Bagnaia's hope of a 2021-style MotoGP surge isn't enough - The Race
MotoGP

Bagnaia’s hope of a 2021-style MotoGP surge isn’t enough

Jun 7 2022
By Simon Patterson

Ducati rider Pecco Bagnaia remains “determined” to recover his hopes of winning the 2022 MotoGP title, even with his gap to championship leader Fabio Quartararo now up to 66 points after Takaaki Nakagami wiped him and Alex Rins out of the Barcelona race.

But with that costly crash coming just as Bagnaia and the factory team were finding their feet with the 2022 bike, it feels particularly damaging to his championship chance.

Bagnaia, who was lucky to escape unscathed from the tangle that left Nakagami in intensive care overnight with significant bruising and has probably ended Rins’s own title aspirations, as he has a broken wrist, now has more work to do to pull back a big margin made worse by his own slow start to the season.

Defending champion Quartararo’s start to the season has not been without issues, but the Yamaha rider – who took his second victory of the season at Barcelona – is one of only two riders in the top 12, along with second-placed Aleix Espargaro, to have finished all nine rounds of the year so far.

Bagnaia won four of the final six rounds of 2021 and reduced Quartararo’s margin from 70 points to 26 by the end of the season.

He is bullish about his hopes of doing similar in 2022 if he’s given half a chance.

“I was determined to recover 70 points last year in six races, so I’m still determined now to recover 66 in a lot more than six races,” he said after Sunday’s non-finish.

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“But for sure the possibility is lower. There is still a possibility, so I will try.”

Considering Bagnaia’s actions in 2021, that possibility is still there. His streak included wins at Aragon, Misano, Portimao and Valencia – three of which are still to feature on this year’s calendar.

Moreover, with other venues that have been absent from the calendar in recent years due to the pandemic set to return, there should be venues that suit Bagnaia’s Ducati even better than the likes of Valencia – with Motegi, Buriram and Sepang no doubt also key targets for him.

But that fails to take into account what might also play out for Quartararo and surprise 2022 title contender Espargaro, the stand out hopefuls after nine rounds – even after Espargaro conceded nine additional points in the Catalan GP with a spectacular lap-counting blunder at the end of the penultimate lap.

Espargaro, whose mistake of thinking the race had finished a lap early dropped him to fifth and ended an impressive run of four podiums, has been ultra-consistent in the early part of the year but will look to ramp up his points scoring in the coming weeks and months as MotoGP heads to circuits very much on the Aprilia target list such as Assen, Silverstone and Phillip Island.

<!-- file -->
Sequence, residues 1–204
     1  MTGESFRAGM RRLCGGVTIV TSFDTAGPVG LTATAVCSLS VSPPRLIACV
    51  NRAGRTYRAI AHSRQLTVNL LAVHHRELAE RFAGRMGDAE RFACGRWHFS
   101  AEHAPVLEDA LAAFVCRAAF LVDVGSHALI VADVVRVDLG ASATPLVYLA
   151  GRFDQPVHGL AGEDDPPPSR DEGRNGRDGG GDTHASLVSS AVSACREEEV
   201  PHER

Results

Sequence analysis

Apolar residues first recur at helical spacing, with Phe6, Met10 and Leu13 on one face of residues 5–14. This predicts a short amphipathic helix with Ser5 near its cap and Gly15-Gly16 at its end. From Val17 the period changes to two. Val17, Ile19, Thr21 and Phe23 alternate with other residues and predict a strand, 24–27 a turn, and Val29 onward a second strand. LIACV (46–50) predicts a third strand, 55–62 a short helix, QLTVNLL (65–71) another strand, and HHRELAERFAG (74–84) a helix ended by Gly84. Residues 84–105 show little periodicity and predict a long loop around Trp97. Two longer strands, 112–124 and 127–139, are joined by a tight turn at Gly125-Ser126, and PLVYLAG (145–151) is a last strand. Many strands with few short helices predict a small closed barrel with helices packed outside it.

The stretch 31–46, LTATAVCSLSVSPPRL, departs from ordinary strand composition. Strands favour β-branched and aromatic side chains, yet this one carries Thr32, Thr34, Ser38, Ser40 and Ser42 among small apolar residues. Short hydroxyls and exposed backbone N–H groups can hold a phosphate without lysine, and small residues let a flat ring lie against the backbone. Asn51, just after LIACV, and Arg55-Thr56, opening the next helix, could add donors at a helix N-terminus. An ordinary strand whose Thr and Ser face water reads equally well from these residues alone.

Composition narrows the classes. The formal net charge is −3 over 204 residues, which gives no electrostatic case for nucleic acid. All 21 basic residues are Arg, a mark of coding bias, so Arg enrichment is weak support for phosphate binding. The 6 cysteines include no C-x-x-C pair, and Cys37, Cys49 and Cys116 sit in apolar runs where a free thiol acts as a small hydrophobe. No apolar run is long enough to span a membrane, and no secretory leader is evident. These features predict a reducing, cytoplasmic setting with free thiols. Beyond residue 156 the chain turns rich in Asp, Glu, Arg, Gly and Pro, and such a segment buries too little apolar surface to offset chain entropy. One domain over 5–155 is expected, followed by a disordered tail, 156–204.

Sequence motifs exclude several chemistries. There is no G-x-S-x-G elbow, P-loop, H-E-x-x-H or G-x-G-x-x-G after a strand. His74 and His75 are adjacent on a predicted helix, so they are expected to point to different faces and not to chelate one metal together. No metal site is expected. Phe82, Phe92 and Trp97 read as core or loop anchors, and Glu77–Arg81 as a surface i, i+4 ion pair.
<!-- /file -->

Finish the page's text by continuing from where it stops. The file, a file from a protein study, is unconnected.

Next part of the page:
And Quartararo is happy to continue doing what he did at Barcelona, utilising his pace when he has it to break his opponents, or cling onto their coattails and limit the damage to his lead when things aren’t quite right for him on the factory Yamaha.

“Yes, I think this is the way,” he laughed when asked by The Race if that would be his strategy for the remainder of 2022.

“To make first, second, first is not going to be easy because I have tough, tough opponents, but in Mugello, I couldn’t win. I felt a little bit faster but in acceleration, in top speed, we lost a lot.

“Here I expected the top speed to be much worse, but with the downhill [last corner and straight], I felt like the bike was not bad. In Mugello on the uphills it really got low on the revs but here, downhill it was much better.

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“The best way is to try to be more consistent, but of course I’m struggling because I feel on the limit all the time. But I feel super good on the bike and it’s a really similar situation to last year.

“I’m riding at my best and I feel much better than last year – every time I’m on the bike I make a step forward.”

And that’s Bagnaia’s biggest problem. With the points margin as it is now, Quartararo can afford to finish second to the Ducati in every single remaining race and still be champion. It’s very clear who’s now in control of this title race.

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